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Last Updated: Aug 19th, 2006 - 22:18:38

Transplantation Channel
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Latest Research : Surgery : Transplantation

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Carbon Monoxide Protects Transplanted Kidneys In Rats
Jan 24, 2006, 18:04, Reviewed by: Dr. Priya Saxena

Although carbon monoxide is toxic at high concentrations, at low concentrations it appears to function as a signaling molecule that protects cells against bombardment by the inflammatory immune response.

Carbon monoxide, a highly toxic gas often called the "silent killer," may prove useful for extending the life of transplanted organs, suggests a University of Pittsburgh study that found prolonged, low-dose exposure to be protective against chronic rejection in a rat kidney transplant model. Chronic rejection is the primary reason that patients require second or third transplant operations.

In the study, to be published in an upcoming issue of the American Journal of Physiology-Renal Physiology and available now as an online publication, the researchers report minimal signs of inflammation and tissue damage indicative of chronic rejection following kidney transplantation in rats housed for 30 days in cages with air consisting of 20 parts per million of carbon dioxide. In contrast, the kidneys transplanted into rats maintained in normal air conditions began to deteriorate almost immediately, and microscopic examination revealed progressive rejection. Both groups were given a six-day course of the anti-rejection drug tacrolimus.

Although carbon monoxide is toxic at high concentrations, at low concentrations it appears to function as a signaling molecule that protects cells against bombardment by the inflammatory immune response, says senior author Noriko Murase, M.D., associate professor of surgery at the Thomas E. Starzl Transplantation Institute, University of Pittsburgh School of Medicine. The idea to study the effects of carbon monoxide in the transplant setting came from co-author Augustine Choi, M.D., professor of medicine and chief of the division of pulmonary, allergy, and critical care medicine, who is a leading expert on the effects of carbon monoxide.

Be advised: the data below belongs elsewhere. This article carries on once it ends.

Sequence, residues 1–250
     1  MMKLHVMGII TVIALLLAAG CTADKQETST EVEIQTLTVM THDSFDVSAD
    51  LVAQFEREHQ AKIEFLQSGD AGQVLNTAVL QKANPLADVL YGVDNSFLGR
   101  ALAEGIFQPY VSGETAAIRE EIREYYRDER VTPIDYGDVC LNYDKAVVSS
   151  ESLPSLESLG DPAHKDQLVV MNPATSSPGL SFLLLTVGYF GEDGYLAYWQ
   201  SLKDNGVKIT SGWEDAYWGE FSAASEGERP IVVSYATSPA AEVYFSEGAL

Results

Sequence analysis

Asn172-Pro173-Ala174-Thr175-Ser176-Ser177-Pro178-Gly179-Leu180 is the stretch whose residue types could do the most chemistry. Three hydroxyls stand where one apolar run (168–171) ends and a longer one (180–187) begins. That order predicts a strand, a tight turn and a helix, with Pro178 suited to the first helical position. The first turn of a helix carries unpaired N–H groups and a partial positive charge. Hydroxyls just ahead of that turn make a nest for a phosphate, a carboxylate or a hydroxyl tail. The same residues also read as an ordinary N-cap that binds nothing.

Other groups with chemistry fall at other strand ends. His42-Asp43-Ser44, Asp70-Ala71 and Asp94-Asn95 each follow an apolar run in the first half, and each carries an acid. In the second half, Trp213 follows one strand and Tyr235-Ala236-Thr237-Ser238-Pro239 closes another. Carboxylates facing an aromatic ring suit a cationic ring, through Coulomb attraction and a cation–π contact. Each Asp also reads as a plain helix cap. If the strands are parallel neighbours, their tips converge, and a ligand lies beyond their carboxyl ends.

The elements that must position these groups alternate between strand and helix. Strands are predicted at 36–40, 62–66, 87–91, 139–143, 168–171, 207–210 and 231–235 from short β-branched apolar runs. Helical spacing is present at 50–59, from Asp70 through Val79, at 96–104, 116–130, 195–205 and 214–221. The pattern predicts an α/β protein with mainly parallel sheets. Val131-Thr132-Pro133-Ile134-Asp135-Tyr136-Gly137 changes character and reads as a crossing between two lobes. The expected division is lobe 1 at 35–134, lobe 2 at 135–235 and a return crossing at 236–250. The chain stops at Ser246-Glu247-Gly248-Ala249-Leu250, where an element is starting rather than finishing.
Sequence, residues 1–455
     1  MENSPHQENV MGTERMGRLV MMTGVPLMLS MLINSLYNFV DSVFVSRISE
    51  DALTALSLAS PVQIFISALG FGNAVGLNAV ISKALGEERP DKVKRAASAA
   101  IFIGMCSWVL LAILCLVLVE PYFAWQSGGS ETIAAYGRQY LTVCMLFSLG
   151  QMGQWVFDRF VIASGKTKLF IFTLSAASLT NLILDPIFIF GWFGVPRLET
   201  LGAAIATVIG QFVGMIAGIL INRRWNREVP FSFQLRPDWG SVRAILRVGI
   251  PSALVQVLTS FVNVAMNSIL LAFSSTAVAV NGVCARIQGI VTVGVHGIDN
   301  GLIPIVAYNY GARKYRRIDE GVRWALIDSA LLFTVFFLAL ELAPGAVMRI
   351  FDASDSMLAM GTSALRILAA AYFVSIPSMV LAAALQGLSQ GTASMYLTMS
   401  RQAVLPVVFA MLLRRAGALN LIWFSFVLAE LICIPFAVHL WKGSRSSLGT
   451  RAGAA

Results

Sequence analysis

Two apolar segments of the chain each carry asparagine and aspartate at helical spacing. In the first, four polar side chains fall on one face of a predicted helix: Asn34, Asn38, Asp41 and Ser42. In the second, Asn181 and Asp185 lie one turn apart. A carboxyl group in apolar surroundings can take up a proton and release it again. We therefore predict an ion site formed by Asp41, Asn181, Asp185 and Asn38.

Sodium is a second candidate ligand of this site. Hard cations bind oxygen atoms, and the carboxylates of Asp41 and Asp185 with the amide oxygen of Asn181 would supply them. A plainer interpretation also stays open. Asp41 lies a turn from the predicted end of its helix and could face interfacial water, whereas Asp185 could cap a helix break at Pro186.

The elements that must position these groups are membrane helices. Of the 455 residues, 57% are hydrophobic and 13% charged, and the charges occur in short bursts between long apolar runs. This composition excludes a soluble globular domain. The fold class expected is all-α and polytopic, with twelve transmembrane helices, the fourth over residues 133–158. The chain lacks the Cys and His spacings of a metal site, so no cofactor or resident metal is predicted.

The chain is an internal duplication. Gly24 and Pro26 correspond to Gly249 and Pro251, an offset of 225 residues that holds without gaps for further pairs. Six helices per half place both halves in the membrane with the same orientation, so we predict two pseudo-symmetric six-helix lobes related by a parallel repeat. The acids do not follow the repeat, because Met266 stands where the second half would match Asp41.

- American Journal of Physiology-Renal Physiology


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The University of Pittsburgh Schools of the Health Sciences include the schools of Medicine, Nursing, Dental Medicine, Pharmacy, Health and Rehabilitation Sciences and the Graduate School of Public Health. The schools serve as the academic partner to the University of Pittsburgh Medical Center. Together, their combined mission is to train tomorrow's health care specialists and biomedical scientists, engage in groundbreaking research that will advance understanding of the causes and treatments of disease, and participate in the delivery of outstanding patient care. In fiscal year 2004, Pitt and its institutional affiliates ranked 7th nationally among educational institutions in grant support from the National Institutes of Health (NIH). Approximately 93 percent of this $396 million in NIH support went to the Schools of the Health Sciences and their affiliates.

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